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United States

THE FIRST DECADE OF PHILADELPHIA’S GREEN CITY, CLEAN WATERS PROGRAM: “We had sold people on the concept, but we did not expect the level of complexity that was required, the level of partnership. We had no idea,” said Paula Conolly, director of the Green Infrastructure Leadership Exchange


Since entering into an innovative partnership with the United States EPA almost a decade ago, Philadelphia has become a testing ground for green technologies. Philadelphia’s program involves creating ‘greened acres’ — expanses of impervious land that are transformed either to absorb the first 1½ inches of rainfall or send it into rain gardens or other local green infrastructure systems. The City has created more than 1,500 of a projected 10,000 greened acres.

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GREEN INFRASTRUCTURE & A TALE OF TWO CITIES: “Philadelphia has set an example in storm water management the Chicago area should follow to reduce flooding, make waterways cleaner and give a welcome economic boost to struggling communities,” stated an editorial in the Chicago Sun Times (March 2018)


“Instead of expanding our infrastructure, we put together a plan to price, value, reuse, recycle, infiltrate, transpire or otherwise manage, every drop of rainwater we could. We started to invent the millions of ways to reduce the amount of rainwater that arrived at our sewer inlets. The goal was to consider rainwater as a commodity and a resource—if it enters a sewer drain it becomes a costly waste product,” explained Howard Neukrug, former Philadelphia Water Commissioner. “There is no single formula for success—and we still don’t know whether ultimately we will succeed.”

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PHILADELPHIA’S GREEN CITY, CLEAN WATERS PROGRAM:”Howard Neukrug fundamentally changed Philadelphia’s relationship with nature, and other cities are watching with great interest,” wrote Pascal Mittermaier in an interview published by the Huffington Post in 2017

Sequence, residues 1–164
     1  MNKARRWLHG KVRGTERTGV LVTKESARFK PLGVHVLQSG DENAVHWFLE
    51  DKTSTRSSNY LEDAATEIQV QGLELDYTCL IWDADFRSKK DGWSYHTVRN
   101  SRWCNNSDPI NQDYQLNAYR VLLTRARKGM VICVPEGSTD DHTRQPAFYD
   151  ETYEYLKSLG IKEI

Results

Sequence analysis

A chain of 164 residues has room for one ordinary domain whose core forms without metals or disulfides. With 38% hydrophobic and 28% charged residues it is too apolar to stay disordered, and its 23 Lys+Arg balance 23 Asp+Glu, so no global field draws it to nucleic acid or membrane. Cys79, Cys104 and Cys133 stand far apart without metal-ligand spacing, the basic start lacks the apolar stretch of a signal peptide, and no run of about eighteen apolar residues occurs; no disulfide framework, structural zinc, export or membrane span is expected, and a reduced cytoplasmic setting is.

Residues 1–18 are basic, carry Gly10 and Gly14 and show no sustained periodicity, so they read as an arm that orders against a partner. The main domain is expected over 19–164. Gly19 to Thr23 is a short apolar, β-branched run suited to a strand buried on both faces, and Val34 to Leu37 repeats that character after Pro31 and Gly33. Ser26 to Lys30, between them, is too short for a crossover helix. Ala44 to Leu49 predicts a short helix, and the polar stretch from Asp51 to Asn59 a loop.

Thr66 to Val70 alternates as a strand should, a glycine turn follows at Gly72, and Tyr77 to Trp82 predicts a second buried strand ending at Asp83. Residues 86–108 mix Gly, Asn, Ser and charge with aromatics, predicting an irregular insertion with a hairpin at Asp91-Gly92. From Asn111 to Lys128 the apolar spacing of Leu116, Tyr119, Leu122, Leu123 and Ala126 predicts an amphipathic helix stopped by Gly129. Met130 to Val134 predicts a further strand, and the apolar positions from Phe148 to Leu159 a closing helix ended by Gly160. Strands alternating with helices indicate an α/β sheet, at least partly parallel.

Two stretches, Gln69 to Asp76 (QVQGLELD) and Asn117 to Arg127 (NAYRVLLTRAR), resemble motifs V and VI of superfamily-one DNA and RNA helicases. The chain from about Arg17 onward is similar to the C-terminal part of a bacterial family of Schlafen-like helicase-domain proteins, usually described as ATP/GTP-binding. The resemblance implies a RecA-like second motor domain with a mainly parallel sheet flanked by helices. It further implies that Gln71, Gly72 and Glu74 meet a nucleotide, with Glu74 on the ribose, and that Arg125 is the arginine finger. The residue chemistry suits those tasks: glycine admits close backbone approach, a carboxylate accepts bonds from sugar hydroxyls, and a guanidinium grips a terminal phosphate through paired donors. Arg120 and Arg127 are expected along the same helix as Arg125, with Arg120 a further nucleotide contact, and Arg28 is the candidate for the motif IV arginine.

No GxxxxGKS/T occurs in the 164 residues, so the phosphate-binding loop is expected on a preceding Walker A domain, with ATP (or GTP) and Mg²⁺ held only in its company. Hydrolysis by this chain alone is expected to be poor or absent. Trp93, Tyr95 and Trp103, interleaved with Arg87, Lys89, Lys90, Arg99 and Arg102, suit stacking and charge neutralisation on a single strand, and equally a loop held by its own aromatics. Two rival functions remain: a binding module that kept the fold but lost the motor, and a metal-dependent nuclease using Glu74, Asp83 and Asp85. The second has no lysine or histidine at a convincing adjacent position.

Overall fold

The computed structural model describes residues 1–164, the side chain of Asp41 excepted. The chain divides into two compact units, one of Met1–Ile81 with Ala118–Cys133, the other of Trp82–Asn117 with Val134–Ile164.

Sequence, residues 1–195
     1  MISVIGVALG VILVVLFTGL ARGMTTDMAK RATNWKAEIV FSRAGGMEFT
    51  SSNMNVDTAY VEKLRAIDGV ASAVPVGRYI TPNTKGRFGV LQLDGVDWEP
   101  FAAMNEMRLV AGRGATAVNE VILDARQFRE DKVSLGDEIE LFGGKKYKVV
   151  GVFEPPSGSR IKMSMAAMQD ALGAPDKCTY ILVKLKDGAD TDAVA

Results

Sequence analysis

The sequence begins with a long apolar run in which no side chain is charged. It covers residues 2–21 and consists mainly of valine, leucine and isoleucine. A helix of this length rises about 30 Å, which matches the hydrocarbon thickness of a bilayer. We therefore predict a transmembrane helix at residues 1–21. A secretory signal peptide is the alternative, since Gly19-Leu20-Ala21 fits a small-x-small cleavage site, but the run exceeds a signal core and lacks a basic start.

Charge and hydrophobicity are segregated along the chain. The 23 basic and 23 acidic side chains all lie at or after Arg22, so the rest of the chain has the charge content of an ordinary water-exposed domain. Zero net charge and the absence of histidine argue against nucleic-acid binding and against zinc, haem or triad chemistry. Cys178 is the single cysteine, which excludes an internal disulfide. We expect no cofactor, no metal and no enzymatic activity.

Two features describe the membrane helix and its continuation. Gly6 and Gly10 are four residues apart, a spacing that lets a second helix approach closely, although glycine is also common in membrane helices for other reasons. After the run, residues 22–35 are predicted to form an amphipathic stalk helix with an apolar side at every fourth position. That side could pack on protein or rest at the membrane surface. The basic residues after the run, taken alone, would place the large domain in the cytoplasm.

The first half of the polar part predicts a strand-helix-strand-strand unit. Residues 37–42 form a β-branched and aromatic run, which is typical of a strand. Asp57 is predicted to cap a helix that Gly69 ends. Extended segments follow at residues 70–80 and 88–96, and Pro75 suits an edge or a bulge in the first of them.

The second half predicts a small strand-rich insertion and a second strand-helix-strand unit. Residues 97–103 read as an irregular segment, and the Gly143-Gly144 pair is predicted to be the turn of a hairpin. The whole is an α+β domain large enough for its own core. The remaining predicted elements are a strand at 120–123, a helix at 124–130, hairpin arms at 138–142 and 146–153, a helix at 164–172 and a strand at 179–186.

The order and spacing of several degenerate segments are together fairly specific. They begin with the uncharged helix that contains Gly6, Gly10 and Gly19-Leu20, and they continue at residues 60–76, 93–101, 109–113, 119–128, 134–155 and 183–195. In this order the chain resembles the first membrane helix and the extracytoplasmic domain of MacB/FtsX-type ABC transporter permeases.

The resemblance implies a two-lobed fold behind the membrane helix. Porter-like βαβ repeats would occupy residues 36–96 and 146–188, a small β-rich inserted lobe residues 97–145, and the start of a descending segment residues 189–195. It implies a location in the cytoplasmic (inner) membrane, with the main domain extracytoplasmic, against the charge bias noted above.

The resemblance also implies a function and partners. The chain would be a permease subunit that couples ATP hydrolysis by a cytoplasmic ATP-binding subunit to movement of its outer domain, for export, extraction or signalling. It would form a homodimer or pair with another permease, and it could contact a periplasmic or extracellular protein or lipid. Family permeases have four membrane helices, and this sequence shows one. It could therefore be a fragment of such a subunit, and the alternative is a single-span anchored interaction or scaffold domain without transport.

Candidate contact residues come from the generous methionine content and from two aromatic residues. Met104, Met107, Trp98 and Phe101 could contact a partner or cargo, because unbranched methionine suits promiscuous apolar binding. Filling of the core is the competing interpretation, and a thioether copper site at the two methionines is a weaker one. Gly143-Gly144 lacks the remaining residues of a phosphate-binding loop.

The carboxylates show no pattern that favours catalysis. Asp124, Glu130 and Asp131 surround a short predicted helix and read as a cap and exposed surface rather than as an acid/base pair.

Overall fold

Philadelphia’s green programs really began as pushback to an expensive grey infrastructure mandate from the U.S. Environmental Protection Agency to reduce sewer overflows that occur even during the most minor rainstorms. And to make this change, the water sector needed to expand its definition of “sustainable” from “a longer lasting concrete treatment structure” to a more universal understanding that sustainability is a bigger concept that involves more than just managing overflows.

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FLASHBACK TO 2011: United States EPA and City of Philadelphia signed the landmark “Green City, Clean Waters” partnership agreement to establish a national model for water balance restoration in the urban environment


“The Green City Clean Waters Plan is our proposal to revitalize our rivers and streams by managing stormwater in a way that provides multiple benefits. It will result in clean and beautiful waterways, a healthier environment and increased community value,” said Mayor Michael Nutter.

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GREEN CITY, CLEAN WATERS: Commencing in 2011, Philadelphia’s 25-year program is creating a citywide mosaic of green infrastructure to capture the first inch of rainfall and restore the water balance, one “greened acre” at a time!


Benjamin Franklin, Philadelphia’s favorite son, described his city’s stormwater problem well: By “covering a ground plot with buildings and pavements, which carry off most of the rain and prevent its soaking into the Earth and renewing and purifying the Springs … the water of wells must gradually grow worse, and in time be unfit for use as I find has happened in all old cities.” But Ben Franklin’s town has decided to take the lead in undoing this ever-more costly and outdated system.